FINRA, Following the SEC, Prioritizes Supervision of Digital Assets in 2019 “Priorities Letter”
On January 22, 2019 FINRA, the self-regulatory organization for U.S. broker-dealers, released its “Risk Monitoring and Examination Priorities Letter” for 2019. A number of of FINRA’s hot topics for 2019 should be of interest for players in the FinTech and digital asset space.
Notably, FINRA identified the “Supervision of Digital Assets Business” as one of the operational risks it will focus on in the New Year. Many traditional broker-dealers have avoided the digital asset and cryptocurrency industry but FINRA explains that it is prioritizing this topic because some of its member firms have expressed interest in participating in the digital asset industry. FINRA’s Priorities Letter further states that the regulator “will consider how firms determine whether a particular digital asset is a security and whether firms have implemented adequate controls and supervision over compliance with rules related to the marketing, sale, execution, control, clearance, recordkeeping and valuation of digital assets, as well as AML/Bank Secrecy Act rules and regulations.” FINRA’s Priorities Letter comes roughly one month after the release by the SEC’s Office of Compliance Inspections and Examination’s announcement of its own priorities for 2019. Like FINRA, the SEC Office of Compliance intends to place “particular emphasis on digital assets . . .” in 2019.
Given that both regulators are prioritizing digital assets in 2019, it is safe to anticipate heightened scrutiny of broker-dealers that may have participated in an initial coin or token offering particularly in any market making function. Areas of inquiry for those broker-dealers will presumably include: What analysis did the broker-dealer undertake to determine whether the coin or digital asset being offered would be considered a security under U.S. law? And given that FINRA ultimately reports to the SEC, and the SEC’s stated position that the vast majority of digital coins or tokens will be considered securities, firms that participated in an ICO, including FINRA members, can expect FINRA examiners to take a very close look at these activities.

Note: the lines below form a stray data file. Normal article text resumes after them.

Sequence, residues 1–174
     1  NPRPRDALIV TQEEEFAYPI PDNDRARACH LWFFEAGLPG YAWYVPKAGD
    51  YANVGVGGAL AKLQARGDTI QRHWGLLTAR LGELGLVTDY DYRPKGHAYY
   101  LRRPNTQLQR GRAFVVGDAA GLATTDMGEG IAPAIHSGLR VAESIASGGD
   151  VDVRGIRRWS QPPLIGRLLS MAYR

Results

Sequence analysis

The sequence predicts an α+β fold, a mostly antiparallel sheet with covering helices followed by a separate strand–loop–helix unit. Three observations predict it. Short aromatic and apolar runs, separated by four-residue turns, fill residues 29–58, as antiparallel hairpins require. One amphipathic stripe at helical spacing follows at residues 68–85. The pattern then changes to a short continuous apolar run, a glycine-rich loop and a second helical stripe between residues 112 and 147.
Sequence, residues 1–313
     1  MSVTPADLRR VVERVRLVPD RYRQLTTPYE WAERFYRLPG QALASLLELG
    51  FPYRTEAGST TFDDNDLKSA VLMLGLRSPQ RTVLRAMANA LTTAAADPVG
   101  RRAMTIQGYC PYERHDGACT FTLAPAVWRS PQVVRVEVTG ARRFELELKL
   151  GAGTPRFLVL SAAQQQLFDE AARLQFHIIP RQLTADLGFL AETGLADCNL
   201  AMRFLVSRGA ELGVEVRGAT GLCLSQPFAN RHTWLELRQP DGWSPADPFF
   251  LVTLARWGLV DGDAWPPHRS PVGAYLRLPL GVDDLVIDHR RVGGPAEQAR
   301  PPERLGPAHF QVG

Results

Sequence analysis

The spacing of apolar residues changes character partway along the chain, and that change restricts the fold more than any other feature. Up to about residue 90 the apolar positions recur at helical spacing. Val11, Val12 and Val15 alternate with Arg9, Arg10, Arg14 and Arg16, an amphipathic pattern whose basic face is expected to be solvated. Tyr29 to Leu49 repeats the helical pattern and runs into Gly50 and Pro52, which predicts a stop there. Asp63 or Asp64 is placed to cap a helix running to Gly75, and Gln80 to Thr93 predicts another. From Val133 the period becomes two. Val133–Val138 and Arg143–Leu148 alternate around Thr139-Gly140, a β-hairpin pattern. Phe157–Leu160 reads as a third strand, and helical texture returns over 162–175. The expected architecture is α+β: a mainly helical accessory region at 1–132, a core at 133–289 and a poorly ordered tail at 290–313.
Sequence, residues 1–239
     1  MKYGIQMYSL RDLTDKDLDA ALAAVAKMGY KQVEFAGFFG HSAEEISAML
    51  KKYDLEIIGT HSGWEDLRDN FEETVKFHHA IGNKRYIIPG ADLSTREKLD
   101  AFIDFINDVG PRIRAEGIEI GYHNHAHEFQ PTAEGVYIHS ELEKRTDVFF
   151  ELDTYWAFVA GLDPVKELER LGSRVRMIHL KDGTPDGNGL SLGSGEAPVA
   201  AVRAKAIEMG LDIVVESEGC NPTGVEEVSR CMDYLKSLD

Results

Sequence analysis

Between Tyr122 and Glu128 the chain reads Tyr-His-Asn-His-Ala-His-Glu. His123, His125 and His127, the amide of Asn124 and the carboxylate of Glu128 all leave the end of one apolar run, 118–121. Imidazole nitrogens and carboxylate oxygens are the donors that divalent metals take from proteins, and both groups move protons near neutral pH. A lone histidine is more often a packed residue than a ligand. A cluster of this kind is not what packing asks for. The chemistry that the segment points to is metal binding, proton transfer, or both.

FINRA also encourages firms contemplating activities related to digital assets to notify FINRA if they plan to engage in such activities, even where a membership application is not required. In this regard it’s important for such firms to realize that registering with FINRA will not allow them to engage in activities related to securities which were not registered with the SEC or sold under an exemption from registration.
FINRA is also prioritizing its scrutiny of Online Distribution Platforms for the selling of securities. These platforms are frequently used in the sale of digital assets. Although many of these platforms are not owned by broker-dealers, they frequently engage broker-dealers as selling agents. FINRA is concerned about these relationships between broker-dealers and online platforms and plans to given them increased scrutiny.
Other FINRA priorities, including market manipulation and investor suitability, particularly for exchange traded assets, are also highly relevant to digital assets investors. Broker-dealers looking to expand their activities into the digital asset market should proceed with great caution and ensure they are in appropriate compliance with SEC standards and have undertaken internal measures to fully vet the digital assets as well as the partners and customers they may be getting involved with.